Little Name, Big Sushi

Photo by Matt Rose

Photo by Matt Rose

When it comes to sushi, introductions are important.

My first encounter with the popular Japanese delicacies occurred in Malibu, California. I had a pocket full of hundred dollar bills, the company of a stunningly beautiful young woman, a giant bottle of Sapporo beer, and a great view of the Pacific Ocean from the best seat in a swell Malibu restaurant. As you might imagine, I like sushi a lot.

Then there is my vegetarian friend Sandy; her first time involved a baby octopus cut down the middle and served complete with innards and all the other things you would expect to find inside such a creature. She’s not fond of that sort of Japanese cuisine…at all.

When Stephen Wang and David Zheng, owners of Sora in Brevard, decided to open their new restaurant, Umi in Hendersonville, they knew they would have to take into consideration local culinary tastes and prejudices. According to Mary Fon, the restaurant’s charming manager, the challenge was to maintain authenticity while giving Umi diners an experience they would enjoy. Mary, a 20-year veteran of the Japanese restaurant business (including a stint at Wasabi in Asheville), explains that Umi “had to be something different. There are so many sushi restaurants. It’s just saturated. Most of all, we wanted to make food that was healthy, as well as delicious.”

The main concern, she says, was (and remains) freshness. “Seafood has to be fresh. We get fish delivered twice a week from New York. It’s expensive, but worth the cost.”

It’s worth noting that Umi’s sushi chef received his training at New York City’s Ruby Foo restaurant on Times Square.

One of the most popular dishes is the spicy crab salad that the chefs usually hand out in advance of orders at the sushi bar. It’s also available in a larger portion ($6). The salad has a slightly crunchy texture, thanks to a small seasoning of tempura and a mildly spicy flavor from a very interesting Japanese mayonnaise. The Godzilla roll (at $9 one of the more popular rolls on the sushi menu) also owes some of its success to this semi-mysterious Japanese mayonnaise, the recipe for which, Mary will tell you, is a closely guarded secret. As far as I can tell, this crab salad is unique to Umi. At least, I’ve never encountered it anywhere else.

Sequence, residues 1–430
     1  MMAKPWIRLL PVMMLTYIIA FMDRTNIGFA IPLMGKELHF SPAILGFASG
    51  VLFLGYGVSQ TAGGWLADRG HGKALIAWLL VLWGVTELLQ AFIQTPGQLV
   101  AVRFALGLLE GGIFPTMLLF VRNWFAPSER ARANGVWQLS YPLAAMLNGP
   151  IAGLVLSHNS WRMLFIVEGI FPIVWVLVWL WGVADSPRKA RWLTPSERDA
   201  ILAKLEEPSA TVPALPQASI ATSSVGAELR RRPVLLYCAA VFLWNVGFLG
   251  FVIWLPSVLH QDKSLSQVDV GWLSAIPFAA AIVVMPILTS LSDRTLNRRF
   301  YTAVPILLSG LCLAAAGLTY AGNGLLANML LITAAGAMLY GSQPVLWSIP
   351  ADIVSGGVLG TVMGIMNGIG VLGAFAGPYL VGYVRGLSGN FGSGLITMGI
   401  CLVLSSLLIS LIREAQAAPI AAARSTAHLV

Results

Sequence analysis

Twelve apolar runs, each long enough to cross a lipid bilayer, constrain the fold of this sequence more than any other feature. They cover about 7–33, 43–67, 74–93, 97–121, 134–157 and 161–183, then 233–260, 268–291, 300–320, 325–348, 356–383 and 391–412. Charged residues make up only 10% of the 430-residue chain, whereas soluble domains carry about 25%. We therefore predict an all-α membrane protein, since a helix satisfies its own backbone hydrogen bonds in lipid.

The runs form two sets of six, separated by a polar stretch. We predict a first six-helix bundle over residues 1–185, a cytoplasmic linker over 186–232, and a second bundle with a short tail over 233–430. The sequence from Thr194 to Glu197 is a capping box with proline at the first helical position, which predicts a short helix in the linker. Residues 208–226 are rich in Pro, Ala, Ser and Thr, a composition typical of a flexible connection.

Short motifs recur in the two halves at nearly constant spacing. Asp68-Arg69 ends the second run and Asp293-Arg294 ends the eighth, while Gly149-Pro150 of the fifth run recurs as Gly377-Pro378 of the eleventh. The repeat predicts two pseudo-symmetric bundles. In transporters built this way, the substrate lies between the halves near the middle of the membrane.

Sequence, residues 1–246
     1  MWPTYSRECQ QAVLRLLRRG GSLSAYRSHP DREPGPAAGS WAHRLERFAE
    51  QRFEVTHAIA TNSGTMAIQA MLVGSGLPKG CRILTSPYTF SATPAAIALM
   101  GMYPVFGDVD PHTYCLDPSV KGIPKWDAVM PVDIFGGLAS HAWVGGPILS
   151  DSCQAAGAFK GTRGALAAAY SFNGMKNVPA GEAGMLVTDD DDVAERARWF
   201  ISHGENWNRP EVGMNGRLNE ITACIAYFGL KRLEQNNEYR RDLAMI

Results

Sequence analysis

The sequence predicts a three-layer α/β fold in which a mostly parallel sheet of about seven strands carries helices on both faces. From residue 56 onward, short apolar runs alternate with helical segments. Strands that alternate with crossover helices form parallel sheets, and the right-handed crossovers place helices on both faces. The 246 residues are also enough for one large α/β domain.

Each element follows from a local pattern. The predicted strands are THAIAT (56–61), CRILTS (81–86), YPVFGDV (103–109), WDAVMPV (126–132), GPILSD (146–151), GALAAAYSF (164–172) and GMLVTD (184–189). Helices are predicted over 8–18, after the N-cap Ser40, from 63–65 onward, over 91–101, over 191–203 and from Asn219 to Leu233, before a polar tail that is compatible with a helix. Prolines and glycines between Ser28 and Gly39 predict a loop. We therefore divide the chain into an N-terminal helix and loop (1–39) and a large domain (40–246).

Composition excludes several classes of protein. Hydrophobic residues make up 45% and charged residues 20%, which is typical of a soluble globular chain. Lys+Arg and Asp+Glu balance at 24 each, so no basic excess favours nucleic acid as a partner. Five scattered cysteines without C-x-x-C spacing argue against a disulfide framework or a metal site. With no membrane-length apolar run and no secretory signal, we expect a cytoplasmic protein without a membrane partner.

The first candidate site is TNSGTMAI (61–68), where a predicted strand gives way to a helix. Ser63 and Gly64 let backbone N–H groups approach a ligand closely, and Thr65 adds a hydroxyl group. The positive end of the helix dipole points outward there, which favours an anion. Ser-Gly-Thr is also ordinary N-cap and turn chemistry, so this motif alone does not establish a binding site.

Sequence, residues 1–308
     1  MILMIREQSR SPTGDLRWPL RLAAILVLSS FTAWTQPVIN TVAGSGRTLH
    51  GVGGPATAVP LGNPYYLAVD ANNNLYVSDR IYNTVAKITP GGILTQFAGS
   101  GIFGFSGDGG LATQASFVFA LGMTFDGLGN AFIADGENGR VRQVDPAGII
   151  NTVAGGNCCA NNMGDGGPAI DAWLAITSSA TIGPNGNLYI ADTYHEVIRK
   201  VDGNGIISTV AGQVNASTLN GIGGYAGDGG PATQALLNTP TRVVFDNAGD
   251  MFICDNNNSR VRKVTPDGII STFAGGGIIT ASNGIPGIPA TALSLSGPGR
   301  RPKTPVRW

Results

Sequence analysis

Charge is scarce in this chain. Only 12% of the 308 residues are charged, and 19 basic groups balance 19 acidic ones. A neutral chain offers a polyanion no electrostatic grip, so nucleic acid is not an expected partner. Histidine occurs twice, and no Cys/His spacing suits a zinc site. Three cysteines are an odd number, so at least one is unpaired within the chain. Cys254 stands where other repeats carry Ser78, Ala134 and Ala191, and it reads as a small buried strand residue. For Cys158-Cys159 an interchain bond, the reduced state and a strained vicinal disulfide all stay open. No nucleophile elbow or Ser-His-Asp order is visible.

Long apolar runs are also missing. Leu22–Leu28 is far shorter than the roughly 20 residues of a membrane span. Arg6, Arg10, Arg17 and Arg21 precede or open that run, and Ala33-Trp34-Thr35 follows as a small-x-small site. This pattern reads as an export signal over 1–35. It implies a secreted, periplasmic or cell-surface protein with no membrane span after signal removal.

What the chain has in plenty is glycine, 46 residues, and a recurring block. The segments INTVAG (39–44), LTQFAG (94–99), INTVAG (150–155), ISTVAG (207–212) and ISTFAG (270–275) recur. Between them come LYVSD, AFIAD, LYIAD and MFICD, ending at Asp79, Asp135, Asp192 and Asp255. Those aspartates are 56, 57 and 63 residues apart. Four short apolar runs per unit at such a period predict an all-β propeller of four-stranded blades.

Another popular item is the Bento Box ($19), which Mary explains is based on the Japanese version of the brown bag lunch…only a lot classier. The Bento Box was originally designed for Japanese business people who had very little time to enjoy lunch but still wanted to eat well. It was usually prepared at home and transported to work. The Bento Box at Umi is served on a colorful bamboo tray and involves a variety of menu items, including dumplings, spring rolls, teriyaki chicken skewers, steamed shrimp, salmon, and other tidbits.

Anyone less than enthusiastic about raw fish can still enjoy an Asian experience at Umi. The filet mignon ($23), pan fried with fresh basil, is extremely popular. For the same price, you can also have the filet grilled with yakiniko sauce, a Japanese barbecue sauce traditionally served with beef.

Another alternative to Umi’s excellent sushi is the Chilean Sea Bass ($24), which is steamed with ginger and scallions. Ginger, according to Mary Fon, is a common ingredient in both Chinese and Japanese food, although it’s more likely to be served fresh with sushi and sashimi selections and used as a cooking ingredient in Chinese cuisine.

The fact remains, though, that there is no reason to sidestep Umi’s sushi, even if the alternatives are delicious. You’re in a world class sushi bar; you should eat sushi or sashimi. The difference, for the novice, is that sushi is prepared with rice and other accessories while sashimi — favored by purists everywhere — is just fish. If it’s your first time at a sushi bar, you’re in for a great experience. And if you are a veteran of Japanese cuisine…you’re still in for a great experience. I recommend the Unagi (smoked and baked eel ($2.50) served fetchingly on a pedestal of rice, or the yellowtail (also $2.50), called Hamachi in Japanese.

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